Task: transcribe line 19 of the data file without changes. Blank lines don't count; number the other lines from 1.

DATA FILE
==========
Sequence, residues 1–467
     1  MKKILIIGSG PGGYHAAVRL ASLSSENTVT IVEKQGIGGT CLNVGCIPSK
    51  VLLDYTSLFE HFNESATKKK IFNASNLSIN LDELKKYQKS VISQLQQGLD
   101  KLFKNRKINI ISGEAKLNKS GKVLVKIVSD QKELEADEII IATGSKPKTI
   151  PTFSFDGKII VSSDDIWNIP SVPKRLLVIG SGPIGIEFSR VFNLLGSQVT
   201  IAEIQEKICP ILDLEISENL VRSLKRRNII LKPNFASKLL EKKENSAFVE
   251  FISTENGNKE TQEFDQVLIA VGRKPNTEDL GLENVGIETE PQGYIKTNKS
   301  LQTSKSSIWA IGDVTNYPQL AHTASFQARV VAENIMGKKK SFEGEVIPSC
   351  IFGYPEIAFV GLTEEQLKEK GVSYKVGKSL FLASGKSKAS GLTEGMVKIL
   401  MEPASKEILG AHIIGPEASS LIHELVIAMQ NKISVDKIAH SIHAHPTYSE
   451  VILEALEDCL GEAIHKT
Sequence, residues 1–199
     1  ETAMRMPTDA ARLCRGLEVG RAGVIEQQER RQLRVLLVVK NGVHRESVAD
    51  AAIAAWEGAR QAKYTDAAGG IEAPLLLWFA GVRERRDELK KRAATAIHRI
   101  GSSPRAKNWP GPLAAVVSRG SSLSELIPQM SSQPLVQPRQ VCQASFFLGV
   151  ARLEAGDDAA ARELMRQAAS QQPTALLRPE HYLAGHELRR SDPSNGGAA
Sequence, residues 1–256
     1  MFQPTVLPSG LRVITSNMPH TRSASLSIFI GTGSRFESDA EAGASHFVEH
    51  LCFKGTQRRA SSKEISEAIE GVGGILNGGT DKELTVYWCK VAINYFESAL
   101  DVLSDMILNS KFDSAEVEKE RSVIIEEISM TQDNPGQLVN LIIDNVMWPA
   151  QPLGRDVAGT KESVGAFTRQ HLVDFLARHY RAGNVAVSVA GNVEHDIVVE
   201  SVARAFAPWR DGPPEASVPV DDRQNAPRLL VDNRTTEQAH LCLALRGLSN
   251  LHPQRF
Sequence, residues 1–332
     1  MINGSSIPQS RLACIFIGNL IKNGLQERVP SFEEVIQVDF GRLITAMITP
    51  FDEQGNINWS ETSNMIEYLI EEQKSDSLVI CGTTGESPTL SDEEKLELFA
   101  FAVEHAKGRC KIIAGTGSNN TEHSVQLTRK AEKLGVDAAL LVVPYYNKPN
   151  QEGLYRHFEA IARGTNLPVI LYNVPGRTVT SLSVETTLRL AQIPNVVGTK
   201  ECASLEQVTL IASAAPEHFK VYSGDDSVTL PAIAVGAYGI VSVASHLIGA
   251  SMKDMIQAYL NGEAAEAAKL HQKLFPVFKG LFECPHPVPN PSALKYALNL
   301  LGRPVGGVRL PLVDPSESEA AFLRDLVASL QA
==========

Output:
    51  LCFKGTQRRA SSKEISEAIE GVGGILNGGT DKELTVYWCK VAINYFESAL